It's well known that there is strength in numbers and wisdom in crowds. But what if we're only seeing half the numbers and hearing half the crowd?
At the World Economic Forum in 2015, women constituted just 17 per cent of participants. The number of women speakers at business conferences in general is zero to 25 per cent. However, at the Women in the World (WITW) summit in India, things were a little different. Not only did women vastly outnumber men, it was largely women's voices that were heard.
WITW summits were launched in 2010 by Tina Brown, the erstwhile editor of Tatler, Vanity Fair, New Yorker and the Daily Beast, and now the head of Tina Brown Live Media. Having conducted the first highly successful WITW summit in NYC, she now plans such summits globally in an effort to showcase the triumphs and tragedies of women around the world.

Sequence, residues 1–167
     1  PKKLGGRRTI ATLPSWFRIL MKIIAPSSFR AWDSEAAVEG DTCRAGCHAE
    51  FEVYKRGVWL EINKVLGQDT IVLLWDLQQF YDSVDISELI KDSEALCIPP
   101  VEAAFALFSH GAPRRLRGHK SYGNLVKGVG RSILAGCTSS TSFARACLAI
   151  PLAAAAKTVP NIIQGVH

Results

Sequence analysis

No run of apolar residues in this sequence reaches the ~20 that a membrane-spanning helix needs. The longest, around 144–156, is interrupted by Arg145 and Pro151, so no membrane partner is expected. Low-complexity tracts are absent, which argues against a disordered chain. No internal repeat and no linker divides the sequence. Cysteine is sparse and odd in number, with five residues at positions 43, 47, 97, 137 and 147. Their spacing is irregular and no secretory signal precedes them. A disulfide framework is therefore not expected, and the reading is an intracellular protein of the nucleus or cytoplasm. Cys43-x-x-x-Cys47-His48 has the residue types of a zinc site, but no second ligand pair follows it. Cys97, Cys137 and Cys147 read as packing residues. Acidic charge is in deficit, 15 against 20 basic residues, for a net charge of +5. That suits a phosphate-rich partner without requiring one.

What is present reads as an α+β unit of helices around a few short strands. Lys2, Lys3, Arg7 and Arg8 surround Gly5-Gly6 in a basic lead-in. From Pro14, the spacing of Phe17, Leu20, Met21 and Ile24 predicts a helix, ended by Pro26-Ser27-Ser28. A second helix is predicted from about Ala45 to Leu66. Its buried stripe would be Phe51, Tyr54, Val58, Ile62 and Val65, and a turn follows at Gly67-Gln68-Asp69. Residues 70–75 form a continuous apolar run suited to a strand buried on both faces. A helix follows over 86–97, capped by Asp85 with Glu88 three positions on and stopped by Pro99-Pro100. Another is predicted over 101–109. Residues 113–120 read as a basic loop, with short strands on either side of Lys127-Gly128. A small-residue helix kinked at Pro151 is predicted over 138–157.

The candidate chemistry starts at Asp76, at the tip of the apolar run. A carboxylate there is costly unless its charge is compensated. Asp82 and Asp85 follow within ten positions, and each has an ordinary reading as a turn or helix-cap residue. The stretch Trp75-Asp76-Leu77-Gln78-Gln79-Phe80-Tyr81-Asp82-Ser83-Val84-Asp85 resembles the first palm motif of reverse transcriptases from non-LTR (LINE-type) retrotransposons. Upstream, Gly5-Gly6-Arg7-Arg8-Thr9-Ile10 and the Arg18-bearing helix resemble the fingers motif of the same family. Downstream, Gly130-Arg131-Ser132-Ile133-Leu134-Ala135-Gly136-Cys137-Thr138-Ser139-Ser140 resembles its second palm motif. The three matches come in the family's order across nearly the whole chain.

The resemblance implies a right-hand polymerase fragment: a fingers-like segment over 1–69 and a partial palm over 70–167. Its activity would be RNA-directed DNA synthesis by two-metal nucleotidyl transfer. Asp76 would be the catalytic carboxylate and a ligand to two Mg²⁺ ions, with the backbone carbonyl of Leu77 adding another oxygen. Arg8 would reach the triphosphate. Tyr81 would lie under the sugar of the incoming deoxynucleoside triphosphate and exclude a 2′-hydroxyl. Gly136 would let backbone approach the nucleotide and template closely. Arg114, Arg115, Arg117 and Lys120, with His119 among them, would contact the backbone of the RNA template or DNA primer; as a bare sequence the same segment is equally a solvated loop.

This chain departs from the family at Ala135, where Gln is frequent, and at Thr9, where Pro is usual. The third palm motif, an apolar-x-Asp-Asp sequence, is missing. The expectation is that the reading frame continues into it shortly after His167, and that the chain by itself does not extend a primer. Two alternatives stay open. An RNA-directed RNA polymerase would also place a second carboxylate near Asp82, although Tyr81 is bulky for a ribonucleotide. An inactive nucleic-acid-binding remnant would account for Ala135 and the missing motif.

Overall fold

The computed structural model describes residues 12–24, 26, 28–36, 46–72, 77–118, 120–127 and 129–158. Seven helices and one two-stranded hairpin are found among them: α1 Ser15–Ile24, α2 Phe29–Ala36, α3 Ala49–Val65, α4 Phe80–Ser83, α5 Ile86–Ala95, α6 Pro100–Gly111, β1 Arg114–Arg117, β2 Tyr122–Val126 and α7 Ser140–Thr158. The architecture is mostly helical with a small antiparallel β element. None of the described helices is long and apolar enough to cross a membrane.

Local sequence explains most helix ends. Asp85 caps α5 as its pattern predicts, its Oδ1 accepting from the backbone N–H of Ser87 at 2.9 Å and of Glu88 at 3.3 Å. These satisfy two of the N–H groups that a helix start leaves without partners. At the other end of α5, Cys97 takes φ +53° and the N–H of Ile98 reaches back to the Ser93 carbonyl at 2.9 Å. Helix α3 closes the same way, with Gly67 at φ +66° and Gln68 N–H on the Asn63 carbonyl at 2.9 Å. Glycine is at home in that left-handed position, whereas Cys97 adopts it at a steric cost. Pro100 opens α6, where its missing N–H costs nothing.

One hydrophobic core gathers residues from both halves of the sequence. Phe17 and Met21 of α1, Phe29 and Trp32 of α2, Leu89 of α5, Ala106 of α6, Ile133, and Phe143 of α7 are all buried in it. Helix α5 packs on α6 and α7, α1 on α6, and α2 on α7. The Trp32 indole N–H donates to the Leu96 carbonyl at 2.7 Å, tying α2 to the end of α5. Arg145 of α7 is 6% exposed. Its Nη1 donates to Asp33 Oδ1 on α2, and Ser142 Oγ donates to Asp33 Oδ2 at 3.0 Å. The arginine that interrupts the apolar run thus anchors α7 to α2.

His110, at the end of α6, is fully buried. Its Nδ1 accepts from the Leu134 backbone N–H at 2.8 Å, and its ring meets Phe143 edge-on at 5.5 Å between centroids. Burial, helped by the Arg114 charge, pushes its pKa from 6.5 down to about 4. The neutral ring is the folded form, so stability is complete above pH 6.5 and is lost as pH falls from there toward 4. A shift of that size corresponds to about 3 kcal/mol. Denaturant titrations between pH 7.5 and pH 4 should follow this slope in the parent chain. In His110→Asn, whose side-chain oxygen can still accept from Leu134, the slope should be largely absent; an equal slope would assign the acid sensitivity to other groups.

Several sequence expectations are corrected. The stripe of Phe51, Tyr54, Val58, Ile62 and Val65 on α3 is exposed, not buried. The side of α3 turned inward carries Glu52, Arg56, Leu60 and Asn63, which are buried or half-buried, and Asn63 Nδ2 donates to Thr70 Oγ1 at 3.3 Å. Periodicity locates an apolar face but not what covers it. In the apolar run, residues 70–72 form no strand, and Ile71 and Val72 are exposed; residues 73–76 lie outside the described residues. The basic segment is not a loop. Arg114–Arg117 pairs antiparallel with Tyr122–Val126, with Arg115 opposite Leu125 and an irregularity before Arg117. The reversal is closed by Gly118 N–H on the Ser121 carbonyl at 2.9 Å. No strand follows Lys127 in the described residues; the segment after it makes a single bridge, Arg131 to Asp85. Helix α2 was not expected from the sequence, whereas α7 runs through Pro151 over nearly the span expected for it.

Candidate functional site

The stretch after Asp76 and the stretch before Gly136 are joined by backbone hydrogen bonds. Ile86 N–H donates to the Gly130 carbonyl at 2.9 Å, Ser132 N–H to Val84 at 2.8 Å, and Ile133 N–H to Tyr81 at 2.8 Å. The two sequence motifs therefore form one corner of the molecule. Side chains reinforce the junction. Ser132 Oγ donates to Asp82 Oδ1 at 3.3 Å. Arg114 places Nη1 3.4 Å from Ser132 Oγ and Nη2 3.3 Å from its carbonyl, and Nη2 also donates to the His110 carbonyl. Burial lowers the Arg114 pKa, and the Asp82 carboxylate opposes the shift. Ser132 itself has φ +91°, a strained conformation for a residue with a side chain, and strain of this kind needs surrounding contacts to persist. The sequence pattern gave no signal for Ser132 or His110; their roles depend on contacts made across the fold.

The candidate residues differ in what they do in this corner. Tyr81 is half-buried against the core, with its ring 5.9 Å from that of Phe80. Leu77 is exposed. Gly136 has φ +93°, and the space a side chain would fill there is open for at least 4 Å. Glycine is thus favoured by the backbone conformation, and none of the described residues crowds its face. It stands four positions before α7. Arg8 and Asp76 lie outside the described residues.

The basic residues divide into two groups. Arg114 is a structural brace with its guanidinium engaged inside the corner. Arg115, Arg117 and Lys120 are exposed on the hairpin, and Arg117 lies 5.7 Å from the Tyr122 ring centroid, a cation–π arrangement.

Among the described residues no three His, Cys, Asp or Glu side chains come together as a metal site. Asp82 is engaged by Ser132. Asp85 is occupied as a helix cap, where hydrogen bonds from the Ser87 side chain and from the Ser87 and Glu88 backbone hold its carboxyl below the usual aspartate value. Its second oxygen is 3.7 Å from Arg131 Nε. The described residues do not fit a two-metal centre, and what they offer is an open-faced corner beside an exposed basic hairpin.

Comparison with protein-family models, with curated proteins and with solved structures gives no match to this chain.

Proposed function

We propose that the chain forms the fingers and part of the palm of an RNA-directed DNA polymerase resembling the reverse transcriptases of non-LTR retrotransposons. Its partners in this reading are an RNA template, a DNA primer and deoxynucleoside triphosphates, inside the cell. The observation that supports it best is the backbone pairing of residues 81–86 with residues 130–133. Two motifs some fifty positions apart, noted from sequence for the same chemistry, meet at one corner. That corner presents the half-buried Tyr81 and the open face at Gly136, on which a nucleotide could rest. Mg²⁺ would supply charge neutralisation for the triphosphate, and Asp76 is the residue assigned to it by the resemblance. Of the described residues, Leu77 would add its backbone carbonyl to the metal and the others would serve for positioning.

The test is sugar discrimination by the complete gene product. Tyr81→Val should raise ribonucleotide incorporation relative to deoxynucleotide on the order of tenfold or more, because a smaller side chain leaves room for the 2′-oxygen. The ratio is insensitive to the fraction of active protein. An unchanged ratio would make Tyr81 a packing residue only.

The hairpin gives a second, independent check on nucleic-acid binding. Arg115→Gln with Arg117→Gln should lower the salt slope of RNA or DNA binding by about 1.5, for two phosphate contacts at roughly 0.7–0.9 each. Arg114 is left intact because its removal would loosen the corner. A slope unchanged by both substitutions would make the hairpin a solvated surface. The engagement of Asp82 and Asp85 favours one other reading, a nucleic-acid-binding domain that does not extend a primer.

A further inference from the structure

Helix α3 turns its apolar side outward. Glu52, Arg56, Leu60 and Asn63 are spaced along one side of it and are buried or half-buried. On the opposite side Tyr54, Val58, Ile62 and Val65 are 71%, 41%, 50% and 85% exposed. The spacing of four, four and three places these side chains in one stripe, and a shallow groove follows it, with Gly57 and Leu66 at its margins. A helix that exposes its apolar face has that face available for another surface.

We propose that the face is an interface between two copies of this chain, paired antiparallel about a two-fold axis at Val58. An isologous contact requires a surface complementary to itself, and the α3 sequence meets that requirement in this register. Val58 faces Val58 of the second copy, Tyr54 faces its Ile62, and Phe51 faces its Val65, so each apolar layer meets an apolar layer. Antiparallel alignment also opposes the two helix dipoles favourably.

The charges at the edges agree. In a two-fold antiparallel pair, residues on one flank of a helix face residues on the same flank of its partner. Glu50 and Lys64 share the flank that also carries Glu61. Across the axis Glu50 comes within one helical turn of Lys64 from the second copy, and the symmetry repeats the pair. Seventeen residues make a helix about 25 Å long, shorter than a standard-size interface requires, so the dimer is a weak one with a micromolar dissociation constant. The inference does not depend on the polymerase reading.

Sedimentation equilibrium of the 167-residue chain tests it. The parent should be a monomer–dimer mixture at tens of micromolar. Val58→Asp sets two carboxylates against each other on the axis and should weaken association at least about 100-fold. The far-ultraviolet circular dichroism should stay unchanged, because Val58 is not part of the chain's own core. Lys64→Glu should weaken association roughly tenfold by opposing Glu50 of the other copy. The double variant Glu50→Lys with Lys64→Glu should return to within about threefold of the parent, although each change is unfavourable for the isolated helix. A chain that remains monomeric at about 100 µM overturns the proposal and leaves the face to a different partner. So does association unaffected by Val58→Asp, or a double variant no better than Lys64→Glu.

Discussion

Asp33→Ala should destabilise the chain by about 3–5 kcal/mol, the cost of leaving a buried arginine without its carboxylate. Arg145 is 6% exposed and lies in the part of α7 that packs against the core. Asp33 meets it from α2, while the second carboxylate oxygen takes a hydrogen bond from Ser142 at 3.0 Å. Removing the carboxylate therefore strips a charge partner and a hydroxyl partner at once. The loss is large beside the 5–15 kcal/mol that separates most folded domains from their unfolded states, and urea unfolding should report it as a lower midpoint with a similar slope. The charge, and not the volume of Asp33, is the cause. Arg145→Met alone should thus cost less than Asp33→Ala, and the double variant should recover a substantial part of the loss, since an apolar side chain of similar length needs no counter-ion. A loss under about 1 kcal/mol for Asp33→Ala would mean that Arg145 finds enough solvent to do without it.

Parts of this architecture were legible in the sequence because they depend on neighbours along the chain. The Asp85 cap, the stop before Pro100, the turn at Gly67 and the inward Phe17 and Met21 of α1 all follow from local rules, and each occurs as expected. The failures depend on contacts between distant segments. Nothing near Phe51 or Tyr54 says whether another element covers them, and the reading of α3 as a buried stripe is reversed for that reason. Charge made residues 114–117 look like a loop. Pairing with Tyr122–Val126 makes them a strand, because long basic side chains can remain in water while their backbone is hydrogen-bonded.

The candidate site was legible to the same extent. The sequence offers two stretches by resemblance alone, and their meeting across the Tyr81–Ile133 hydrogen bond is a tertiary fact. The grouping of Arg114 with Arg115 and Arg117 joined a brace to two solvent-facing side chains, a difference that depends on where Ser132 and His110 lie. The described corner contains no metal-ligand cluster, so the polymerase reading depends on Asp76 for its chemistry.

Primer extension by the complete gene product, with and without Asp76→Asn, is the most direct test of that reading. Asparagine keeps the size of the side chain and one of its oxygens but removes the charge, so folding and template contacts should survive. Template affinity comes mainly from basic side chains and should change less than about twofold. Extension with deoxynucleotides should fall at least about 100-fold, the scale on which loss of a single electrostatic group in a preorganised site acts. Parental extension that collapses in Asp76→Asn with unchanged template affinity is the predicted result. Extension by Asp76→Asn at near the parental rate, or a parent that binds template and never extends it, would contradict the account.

(Tina Brown, Cate Blanchett; photo courtesy Women in the World)
On November 20, India had its first WITW summit because, as their Asia Director Gayatri Rangachari Shah summarizes it, "India is a natural place for women in the world; few countries illustrate just how high the stakes are for women today as powerfully as India."
The 20 sessions were short and crisp, covered a broad spectrum of topics and highlighted inspiring women from India, the U.S., the Middle East and Africa from all walks of life. Their discussions were interesting, informative and moving -- like when filmmaker Deepa Mehta and actresses Nandita Das and Shabana Azmi spoke to writer William Dalrymple about the making of their controversial film, Fire.